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With Reverence for the WordMedieval Scriptural Exegesis in Judaism, Christianity, and Islam$
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Jane Dammen McAuliffe, Barry D. Walfish, and Joseph W. Goering

Print publication date: 2003

Print ISBN-13: 9780195137279

Published to Oxford Scholarship Online: October 2011

DOI: 10.1093/acprof:oso/9780195137279.001.0001

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An Introduction to Medieval Interpretation of the Qurʼān

An Introduction to Medieval Interpretation of the Qurʼān

Chapter:
(p.311) 20 An Introduction to Medieval Interpretation of the Qurʼān
Source:
With Reverence for the Word
Author(s):

Jane Dammen McAuliffe

Publisher:
Oxford University Press
DOI:10.1093/acprof:oso/9780195137279.003.0020

Commentary on the Qurʼān, as both activity and achievement, has been a remarkably stable enterprise over the long centuries of its production. The tradition of Qurʼānic exegesis continues to occupy a prominent place within contemporary Muslim intellectual life. In general, the extant commentaries on the Qurʼān represent a large and sustained range of literary output from at least the 9th to the 12th centuries with certain seminal works that predate even that span. The Qurʼān was so central to the intellectual life of medieval Islam that its verses and their interpretation appear in virtually all forms of Islamic literature. This chapter presents an overview of medieval interpretation of the Qurʼān, the chronology and classification of Qurʼānic commentary, varieties of exegetical material, questions posed by the commentators of the Qurʼān (for example, abrogation and applicability), and the continuity of Qurʼānic commentary.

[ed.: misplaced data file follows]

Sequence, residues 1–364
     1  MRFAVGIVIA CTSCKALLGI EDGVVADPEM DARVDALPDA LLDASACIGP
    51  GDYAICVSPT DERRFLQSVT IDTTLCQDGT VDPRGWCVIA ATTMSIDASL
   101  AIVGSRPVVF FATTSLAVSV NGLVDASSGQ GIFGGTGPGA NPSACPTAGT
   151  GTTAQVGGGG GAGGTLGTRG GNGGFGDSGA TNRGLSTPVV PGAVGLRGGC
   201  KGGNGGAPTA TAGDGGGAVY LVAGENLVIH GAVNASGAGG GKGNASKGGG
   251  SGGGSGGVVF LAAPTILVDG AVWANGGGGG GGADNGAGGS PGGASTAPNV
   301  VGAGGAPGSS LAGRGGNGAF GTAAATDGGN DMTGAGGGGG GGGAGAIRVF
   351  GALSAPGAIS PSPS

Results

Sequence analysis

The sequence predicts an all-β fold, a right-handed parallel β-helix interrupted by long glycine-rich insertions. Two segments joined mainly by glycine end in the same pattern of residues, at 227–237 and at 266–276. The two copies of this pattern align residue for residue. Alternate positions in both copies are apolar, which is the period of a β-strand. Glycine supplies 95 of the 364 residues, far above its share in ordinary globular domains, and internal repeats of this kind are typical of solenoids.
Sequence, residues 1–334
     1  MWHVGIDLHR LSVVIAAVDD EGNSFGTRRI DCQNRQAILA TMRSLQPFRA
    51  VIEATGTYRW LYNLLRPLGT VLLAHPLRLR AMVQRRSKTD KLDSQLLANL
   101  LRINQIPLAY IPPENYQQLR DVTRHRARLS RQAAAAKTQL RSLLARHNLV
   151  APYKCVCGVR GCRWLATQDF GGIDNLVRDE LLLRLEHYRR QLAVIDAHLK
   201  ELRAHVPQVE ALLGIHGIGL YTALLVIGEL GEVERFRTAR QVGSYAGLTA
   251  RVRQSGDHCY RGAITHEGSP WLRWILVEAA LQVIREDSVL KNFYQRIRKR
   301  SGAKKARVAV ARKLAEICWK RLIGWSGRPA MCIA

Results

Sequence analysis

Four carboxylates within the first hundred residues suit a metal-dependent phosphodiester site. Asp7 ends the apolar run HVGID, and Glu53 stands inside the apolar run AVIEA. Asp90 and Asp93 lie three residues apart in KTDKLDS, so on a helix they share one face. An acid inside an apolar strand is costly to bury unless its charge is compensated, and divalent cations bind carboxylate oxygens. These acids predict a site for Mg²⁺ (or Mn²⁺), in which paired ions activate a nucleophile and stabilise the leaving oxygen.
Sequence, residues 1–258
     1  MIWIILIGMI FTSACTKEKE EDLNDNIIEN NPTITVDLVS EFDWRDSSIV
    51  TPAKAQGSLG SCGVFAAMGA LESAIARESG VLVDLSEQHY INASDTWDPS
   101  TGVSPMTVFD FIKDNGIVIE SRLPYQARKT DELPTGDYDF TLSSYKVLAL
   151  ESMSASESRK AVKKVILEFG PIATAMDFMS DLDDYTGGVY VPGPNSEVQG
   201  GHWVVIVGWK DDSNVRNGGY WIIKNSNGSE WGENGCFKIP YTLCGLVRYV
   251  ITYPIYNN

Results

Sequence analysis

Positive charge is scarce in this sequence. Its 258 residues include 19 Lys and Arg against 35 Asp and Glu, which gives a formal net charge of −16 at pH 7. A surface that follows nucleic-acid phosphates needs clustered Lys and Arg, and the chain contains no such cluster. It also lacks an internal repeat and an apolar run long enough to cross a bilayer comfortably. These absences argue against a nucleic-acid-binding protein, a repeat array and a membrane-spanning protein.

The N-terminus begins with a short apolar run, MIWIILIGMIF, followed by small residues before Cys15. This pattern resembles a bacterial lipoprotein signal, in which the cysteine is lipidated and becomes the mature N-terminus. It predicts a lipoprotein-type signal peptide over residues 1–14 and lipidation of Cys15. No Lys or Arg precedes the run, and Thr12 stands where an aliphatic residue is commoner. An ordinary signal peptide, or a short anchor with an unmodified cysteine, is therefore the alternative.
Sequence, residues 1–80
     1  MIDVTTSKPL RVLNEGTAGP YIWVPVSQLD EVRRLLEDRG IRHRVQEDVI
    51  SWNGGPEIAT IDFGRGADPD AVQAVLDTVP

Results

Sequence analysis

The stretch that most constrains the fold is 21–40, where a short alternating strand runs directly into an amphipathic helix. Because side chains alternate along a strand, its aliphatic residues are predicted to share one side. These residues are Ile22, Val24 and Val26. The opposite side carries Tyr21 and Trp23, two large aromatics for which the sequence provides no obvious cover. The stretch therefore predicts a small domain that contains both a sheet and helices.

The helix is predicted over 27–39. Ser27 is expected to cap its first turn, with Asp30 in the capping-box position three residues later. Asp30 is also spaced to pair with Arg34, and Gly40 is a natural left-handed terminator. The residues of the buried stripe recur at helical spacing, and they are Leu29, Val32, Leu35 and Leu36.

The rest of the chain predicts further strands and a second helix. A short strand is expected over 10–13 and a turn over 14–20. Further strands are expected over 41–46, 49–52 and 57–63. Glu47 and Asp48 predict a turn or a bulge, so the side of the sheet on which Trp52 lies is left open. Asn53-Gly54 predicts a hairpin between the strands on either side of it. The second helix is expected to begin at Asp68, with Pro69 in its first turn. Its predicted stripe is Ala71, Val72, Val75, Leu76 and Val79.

Keywords:   Qurʼān, commentaries, exegesis, abrogation, applicability, Islam, medieval interpretation, Islamic literature

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